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The Garšviai Book Smuggling Society was an illegal society of Lithuanian book smugglers during the Lithuanian press ban enacted in 1864. It was one of the oldest book smuggler societies. Active from around 1883 to 1895, it was also one of the longest operating societies. It was based in at the home of Kazys Ūdra in the Garšviai village near Naujamiestis, Panevėžys. Led by Ūdra and Jurgis Bielinis, the society organized a network of trusted associates who would purchase the publications in East Prussia, smuggle them across the Prussia–Russia border, and distribute them in central Lithuania (mainly area around Panevėžys and Biržai). In total, historian Antanas Tyla registered 54 people as members or collaborators. The society smuggled both books and periodicals, delivering them to subscriber

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  • The Garšviai Book Smuggling Society was an illegal society of Lithuanian book smugglers during the Lithuanian press ban enacted in 1864. It was one of the oldest book smuggler societies. Active from around 1883 to 1895, it was also one of the longest operating societies. It was based in at the home of Kazys Ūdra in the Garšviai village near Naujamiestis, Panevėžys. Led by Ūdra and Jurgis Bielinis, the society organized a network of trusted associates who would purchase the publications in East Prussia, smuggle them across the Prussia–Russia border, and distribute them in central Lithuania (mainly area around Panevėžys and Biržai). In total, historian Antanas Tyla registered 54 people as members or collaborators. The society smuggled both books and periodicals, delivering them to subscriber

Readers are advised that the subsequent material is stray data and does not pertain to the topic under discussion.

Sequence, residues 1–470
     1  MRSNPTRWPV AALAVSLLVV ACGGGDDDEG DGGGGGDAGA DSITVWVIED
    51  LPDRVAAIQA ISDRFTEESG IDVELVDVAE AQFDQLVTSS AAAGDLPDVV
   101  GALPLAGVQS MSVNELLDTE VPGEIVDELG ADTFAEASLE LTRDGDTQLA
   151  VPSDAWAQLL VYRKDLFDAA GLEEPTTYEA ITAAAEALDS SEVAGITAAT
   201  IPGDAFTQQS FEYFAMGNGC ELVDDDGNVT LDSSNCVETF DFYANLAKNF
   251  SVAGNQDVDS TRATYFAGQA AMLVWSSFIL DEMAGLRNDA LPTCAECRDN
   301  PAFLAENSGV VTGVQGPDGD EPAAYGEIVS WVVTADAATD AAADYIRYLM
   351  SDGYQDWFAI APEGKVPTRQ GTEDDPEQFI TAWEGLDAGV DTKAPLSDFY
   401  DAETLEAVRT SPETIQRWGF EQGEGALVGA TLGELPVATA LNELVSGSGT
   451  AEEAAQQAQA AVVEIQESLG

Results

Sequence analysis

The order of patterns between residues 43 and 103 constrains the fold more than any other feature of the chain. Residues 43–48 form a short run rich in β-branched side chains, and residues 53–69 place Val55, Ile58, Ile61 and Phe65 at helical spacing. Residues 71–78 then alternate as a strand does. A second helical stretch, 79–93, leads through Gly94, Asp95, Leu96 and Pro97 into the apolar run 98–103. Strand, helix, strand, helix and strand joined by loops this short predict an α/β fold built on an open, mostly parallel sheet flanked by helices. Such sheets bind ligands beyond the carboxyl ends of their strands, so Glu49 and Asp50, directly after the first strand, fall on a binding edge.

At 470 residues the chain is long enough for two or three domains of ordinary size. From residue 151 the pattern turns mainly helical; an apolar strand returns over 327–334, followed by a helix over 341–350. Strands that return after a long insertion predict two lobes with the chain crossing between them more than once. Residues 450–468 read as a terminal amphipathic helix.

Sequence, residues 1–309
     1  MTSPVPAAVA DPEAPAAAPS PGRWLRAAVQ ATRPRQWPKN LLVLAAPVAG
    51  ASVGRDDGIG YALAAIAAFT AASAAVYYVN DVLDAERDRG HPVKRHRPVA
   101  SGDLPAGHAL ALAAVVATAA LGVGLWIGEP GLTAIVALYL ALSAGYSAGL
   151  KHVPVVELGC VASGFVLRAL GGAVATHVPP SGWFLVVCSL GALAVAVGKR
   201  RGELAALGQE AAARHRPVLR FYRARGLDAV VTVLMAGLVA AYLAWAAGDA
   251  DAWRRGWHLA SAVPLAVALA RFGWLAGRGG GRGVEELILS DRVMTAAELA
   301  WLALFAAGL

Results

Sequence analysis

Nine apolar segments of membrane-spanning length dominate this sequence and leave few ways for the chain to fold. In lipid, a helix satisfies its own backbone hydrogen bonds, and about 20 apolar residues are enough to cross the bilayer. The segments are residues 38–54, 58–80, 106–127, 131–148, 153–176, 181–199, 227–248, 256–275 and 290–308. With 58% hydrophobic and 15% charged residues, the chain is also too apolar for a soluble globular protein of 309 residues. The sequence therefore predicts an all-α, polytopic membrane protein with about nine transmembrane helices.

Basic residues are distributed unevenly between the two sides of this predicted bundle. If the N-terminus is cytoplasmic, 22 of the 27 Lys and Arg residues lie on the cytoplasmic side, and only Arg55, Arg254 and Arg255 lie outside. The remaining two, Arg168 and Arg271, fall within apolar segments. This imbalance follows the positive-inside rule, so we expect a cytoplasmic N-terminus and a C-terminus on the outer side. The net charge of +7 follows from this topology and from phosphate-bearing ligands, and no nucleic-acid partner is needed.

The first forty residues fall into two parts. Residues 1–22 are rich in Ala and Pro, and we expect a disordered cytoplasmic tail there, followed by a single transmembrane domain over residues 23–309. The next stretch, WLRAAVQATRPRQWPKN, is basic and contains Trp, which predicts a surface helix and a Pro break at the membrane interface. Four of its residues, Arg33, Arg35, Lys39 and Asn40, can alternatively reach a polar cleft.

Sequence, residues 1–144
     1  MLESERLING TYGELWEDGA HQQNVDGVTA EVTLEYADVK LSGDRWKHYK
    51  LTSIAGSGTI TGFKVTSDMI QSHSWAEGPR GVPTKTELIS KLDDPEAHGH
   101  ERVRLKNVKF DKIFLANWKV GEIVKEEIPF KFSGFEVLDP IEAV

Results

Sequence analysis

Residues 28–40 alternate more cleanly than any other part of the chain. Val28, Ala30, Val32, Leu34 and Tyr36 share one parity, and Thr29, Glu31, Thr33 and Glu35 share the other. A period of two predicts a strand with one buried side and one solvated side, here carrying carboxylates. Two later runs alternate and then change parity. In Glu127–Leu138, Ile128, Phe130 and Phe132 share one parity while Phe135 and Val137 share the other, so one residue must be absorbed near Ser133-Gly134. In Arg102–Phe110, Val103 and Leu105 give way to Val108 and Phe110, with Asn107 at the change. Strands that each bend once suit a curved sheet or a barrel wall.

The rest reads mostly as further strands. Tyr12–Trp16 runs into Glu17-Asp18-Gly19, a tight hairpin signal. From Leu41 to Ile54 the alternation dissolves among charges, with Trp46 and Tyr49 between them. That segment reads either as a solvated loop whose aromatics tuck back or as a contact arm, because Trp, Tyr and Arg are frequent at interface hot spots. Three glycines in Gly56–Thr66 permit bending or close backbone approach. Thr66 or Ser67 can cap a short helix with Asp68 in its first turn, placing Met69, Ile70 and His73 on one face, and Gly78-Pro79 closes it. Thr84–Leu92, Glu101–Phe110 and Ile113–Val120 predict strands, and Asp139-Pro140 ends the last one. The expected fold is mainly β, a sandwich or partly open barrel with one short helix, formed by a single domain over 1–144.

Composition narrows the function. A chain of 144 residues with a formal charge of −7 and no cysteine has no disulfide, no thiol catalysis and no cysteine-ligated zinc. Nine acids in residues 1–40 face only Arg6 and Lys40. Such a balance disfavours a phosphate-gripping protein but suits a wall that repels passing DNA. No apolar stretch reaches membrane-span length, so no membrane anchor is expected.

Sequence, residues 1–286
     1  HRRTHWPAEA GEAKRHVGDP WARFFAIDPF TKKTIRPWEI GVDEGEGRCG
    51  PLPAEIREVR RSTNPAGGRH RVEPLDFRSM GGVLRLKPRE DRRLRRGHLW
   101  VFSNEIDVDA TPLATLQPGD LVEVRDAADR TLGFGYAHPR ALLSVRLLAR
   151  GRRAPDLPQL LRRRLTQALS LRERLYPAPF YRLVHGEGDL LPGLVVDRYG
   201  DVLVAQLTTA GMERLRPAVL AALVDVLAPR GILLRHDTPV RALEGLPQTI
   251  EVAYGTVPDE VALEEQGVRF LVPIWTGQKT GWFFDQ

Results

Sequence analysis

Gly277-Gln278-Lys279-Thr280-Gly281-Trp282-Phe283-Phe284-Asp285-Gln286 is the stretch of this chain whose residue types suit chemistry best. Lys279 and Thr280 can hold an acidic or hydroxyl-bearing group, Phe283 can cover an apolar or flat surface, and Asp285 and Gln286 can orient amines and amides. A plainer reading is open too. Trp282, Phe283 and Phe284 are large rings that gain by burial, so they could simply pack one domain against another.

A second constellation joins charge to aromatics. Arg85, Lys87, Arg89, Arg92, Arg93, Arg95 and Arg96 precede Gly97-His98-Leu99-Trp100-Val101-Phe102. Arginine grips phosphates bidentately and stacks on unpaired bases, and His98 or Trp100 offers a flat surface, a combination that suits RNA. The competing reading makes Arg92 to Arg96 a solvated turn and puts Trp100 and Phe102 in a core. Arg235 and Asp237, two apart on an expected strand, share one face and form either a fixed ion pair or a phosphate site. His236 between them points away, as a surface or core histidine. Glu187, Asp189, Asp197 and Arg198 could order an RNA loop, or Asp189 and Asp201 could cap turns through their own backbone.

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  • Garšviai Book Smuggling Society
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  • The Garšviai Book Smuggling Society was an illegal society of Lithuanian book smugglers during the Lithuanian press ban enacted in 1864. It was one of the oldest book smuggler societies. Active from around 1883 to 1895, it was also one of the longest operating societies. It was based in at the home of Kazys Ūdra in the Garšviai village near Naujamiestis, Panevėžys. Led by Ūdra and Jurgis Bielinis, the society organized a network of trusted associates who would purchase the publications in East Prussia, smuggle them across the Prussia–Russia border, and distribute them in central Lithuania (mainly area around Panevėžys and Biržai). In total, historian Antanas Tyla registered 54 people as members or collaborators. The society smuggled both books and periodicals, delivering them to subscribers, though they were particularly dangerous – they needed to be smuggled frequently and they were deemed to be anti-Tsarist political texts bringing much stricter sentences than smuggling of "innocent" texts with religious prayers or agricultural advice. For almost a decade, the society avoided more serious legal troubles. In February and April 1894, the society suffered financial losses due to confiscated property but managed to avoid a wider police investigation. In November 1894 and April 1895, two members of the society – Antanas Bružas and Andrius Bielinis – were arrested and sentenced to time in prison and exile, but the police did not uncover their connections to the Garšviai Society. The society unraveled when the police arrested Ūdra and found his notebook with names and addresses of his associates in June 1895. After a wide investigation, six men were put on trial while Jurgis Bielinis evaded capture. Ūdra and two others received two years in prison and five years in exile. Individual members of the society continued book smuggling, but the loss of the organized society disrupted the spread of the ideas of the Lithuanian National Revival in central Lithuania.
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  • Location of Garšviai in present-day Lithuania
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  • Garšviai
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